The Office of Personnel Management’s Acting Director Beth Cobert was nominated Tuesday to stay on as the agency’s permanent chief.
In a Nov. 10 statement, President Barack Obama said Cobert would bring a “tremendous depth and quality of experience” to the position, which she has held since July, when former OPM director Katherine Archuleta resigned.
“As acting director, Beth has effectively pursued strategies to strengthen cybersecurity and improve the way the government serves citizens, businesses, and the federal workforce both past and present,” Obama said. “I thank Beth for her commitment to serving the American people and look forward to working with her in the months ahead.”
American Federation of Government Employees National President J. David Cox Sr., in a statement congratulated Cobert, saying she had done “an admirable job” as acting director.
“She has answered questions about the data breach honestly, has taken steps to bring in-house the work associated with notifying affected employees, and seems to understand IT adequately enough to make sure that security measures are in place to minimize further breaches,” Cox said.
Cobert also serves as deputy director for management at the Office of Management and Budget. She joined OMB in October 2013 after a 29-year career as a consultant for McKinsey and Co.
Cobert stepped into her role one day after OPM announced that more than 21 million people had been impacted by a data hack.
Since leading OPM, Cobert has found support from congressional members, including Rep. Mark Meadows (R-N.C.), chairman of the House Oversight and Government Reform Subcommittee on Government Operations, who told Federal News Radio he was pleasantly surprised at Cobert’s outreach efforts.
“It’s very rare in Washington, D.C., to see not only a proactive approach, reaching out to members of Congress on both sides of the aisle, but really a dedication to the federal workforce that came across in her energy, her tenacity, her willingness to ask the tough questions, but more importantly, find a real solution,” Meadows said.
Rep. Jason Chaffetz (R-Utah), chairman of the House Committee on Oversight and Government Reform, issued a statement saying that he was hopeful Cobert could fix OPM.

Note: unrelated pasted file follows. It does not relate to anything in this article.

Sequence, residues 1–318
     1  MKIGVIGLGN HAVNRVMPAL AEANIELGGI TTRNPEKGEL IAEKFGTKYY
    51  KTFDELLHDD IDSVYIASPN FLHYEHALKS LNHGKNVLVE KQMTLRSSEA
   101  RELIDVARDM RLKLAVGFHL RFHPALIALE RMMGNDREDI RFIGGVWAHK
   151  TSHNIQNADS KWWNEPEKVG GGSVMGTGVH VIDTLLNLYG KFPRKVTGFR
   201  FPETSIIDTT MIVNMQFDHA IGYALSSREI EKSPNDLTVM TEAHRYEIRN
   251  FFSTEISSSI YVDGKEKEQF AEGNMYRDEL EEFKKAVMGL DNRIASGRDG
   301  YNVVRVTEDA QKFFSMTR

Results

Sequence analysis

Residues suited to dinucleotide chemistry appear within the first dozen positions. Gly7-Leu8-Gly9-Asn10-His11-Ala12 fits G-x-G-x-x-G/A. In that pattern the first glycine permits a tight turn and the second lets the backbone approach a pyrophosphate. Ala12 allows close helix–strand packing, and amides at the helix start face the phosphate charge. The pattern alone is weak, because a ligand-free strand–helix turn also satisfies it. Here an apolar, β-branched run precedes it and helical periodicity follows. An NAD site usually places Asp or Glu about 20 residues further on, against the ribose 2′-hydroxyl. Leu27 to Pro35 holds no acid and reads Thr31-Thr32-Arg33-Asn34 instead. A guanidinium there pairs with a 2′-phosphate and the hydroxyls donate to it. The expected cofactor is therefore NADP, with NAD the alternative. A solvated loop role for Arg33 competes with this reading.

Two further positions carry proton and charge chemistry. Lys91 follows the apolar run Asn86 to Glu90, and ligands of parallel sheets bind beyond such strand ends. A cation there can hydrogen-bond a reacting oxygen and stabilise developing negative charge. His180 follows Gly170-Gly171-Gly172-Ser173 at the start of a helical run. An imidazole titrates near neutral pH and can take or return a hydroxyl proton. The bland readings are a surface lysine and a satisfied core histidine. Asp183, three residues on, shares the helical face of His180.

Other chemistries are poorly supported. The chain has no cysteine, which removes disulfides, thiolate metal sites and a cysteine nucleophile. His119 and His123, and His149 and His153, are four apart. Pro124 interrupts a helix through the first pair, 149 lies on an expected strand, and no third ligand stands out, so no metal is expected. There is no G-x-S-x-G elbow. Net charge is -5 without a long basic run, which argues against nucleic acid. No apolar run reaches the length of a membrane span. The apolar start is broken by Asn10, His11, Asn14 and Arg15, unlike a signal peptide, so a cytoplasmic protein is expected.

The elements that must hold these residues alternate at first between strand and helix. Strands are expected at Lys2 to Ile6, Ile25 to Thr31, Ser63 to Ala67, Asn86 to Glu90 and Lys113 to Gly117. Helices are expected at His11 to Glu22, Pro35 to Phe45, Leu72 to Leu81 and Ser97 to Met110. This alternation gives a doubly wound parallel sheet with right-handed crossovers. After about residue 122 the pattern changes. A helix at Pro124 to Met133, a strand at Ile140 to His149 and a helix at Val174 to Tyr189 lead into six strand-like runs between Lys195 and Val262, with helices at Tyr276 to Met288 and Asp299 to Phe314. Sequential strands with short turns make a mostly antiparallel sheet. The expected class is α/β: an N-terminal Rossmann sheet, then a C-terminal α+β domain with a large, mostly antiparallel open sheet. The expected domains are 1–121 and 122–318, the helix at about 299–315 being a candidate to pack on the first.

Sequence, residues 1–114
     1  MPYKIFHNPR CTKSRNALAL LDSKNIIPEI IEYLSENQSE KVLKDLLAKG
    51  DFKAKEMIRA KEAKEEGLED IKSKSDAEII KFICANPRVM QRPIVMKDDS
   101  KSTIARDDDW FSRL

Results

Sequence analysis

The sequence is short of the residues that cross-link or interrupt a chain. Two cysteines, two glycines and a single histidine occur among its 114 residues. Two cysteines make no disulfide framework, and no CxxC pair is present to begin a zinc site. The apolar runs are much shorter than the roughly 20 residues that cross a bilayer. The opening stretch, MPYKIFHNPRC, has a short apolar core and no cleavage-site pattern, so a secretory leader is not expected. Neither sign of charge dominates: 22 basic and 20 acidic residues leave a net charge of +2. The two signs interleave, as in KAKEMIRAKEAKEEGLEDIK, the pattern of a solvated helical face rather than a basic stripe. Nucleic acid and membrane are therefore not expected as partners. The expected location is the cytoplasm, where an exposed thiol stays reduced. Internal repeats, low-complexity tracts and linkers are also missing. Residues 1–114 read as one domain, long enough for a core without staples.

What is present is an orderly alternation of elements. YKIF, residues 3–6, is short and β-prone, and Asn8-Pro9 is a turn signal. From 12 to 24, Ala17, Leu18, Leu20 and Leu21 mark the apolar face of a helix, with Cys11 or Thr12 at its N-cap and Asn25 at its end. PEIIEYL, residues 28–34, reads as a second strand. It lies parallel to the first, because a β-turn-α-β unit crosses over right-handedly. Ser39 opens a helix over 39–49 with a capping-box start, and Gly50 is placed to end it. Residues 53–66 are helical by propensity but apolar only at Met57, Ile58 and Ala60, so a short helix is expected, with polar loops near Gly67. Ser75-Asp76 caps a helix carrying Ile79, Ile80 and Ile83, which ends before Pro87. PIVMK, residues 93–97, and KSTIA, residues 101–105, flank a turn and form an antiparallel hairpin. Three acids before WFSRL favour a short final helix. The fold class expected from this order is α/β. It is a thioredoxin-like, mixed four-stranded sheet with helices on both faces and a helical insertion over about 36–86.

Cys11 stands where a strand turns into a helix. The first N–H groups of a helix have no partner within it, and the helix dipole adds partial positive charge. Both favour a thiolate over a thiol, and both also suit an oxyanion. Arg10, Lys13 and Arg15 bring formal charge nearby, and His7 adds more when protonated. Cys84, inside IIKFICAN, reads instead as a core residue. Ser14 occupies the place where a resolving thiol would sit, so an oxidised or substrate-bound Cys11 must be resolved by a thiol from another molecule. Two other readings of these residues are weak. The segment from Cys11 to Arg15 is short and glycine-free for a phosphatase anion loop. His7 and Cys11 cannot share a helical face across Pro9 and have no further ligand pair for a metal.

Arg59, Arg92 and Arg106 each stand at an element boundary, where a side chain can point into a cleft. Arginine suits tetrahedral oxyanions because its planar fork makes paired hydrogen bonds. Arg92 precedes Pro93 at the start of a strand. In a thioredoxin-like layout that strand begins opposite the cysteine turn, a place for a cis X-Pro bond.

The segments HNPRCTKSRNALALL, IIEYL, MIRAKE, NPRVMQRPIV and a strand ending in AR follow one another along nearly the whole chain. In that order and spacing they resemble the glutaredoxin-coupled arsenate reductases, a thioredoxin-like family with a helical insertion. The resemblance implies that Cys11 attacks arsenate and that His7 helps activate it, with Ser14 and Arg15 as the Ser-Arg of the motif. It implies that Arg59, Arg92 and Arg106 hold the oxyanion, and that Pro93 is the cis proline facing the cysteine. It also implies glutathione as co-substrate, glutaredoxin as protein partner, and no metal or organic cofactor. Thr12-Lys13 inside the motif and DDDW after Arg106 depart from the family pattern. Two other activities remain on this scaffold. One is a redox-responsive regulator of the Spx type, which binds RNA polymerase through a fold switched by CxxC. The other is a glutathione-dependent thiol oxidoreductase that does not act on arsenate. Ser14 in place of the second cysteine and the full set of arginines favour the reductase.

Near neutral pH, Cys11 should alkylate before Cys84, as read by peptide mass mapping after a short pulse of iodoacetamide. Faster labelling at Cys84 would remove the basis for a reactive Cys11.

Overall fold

“I am pleased the president has opted for a credible selection this time rather than a political one,” Chafettz said. “It is of huge concern however, that despite suffering a massive data breach and not working in good faith with the OPM OIG, CIO Donna Seymour remains in her position. I strongly urge Ms. Cobert to immediately remove Ms. Seymour and replace her with a qualified CIO who will protect the critical information housed at OPM.”
Republican lawmakers sent a letter to Obama in July calling for the removal of both Archuleta and Seymour. In the aftermath of Archuleta’s resignation, Chafettz has continued to press for Seymour’s removal.
Rep. Elijah E. Cummings (D-Md.), the ranking member on the House Oversight Committee, issued a press release praising Cobert’s work as OPM’s acting director, saying she was the right person for the job.
“While she’s only been in this position for just a few months, she has been steadfast and resolute in her efforts to strengthen the agency’s cybersecurity efforts and keep Congress informed on these improvements,” he said, in the release. “She has also instituted changes to improve the agency’s cooperation and communication with the Inspector General and to address his specific concerns. OPM performs critical duties for our nation, including conducting background investigations, so it is critical that Acting Director Colbert rebuild the public’s trust in this agency.”
Sen. Tom Carper (D-Md.), the ranking member of the Homeland Security and Government Affairs Committee, said in a statement that it’s critical for OPM to continue to help the millions of victims of the two cyber breaches.
“Given the magnitude of these breaches and the other challenges facing OPM, permanent, Senate-confirmed leadership at the agency is imperative,” Carper said. “That’s why I welcome President Obama’s intent to nominate Acting Director Cobert as the agency’s permanent director. ”
He also called on Congress to provide agencies with the necessary tools to protect their systems from cyber attacks.
“Last month, the Senate passed critical cybersecurity legislation that would enable the sharing of information among the private sector and federal government and, among other things, require agencies to implement the cyber intrusion and detection program known as EINSTEIN,” Carper said. “I hope the House and the Senate are able to approve the final bill soon and then turn our efforts to enacting badly-needed, bipartisan data breach legislation.”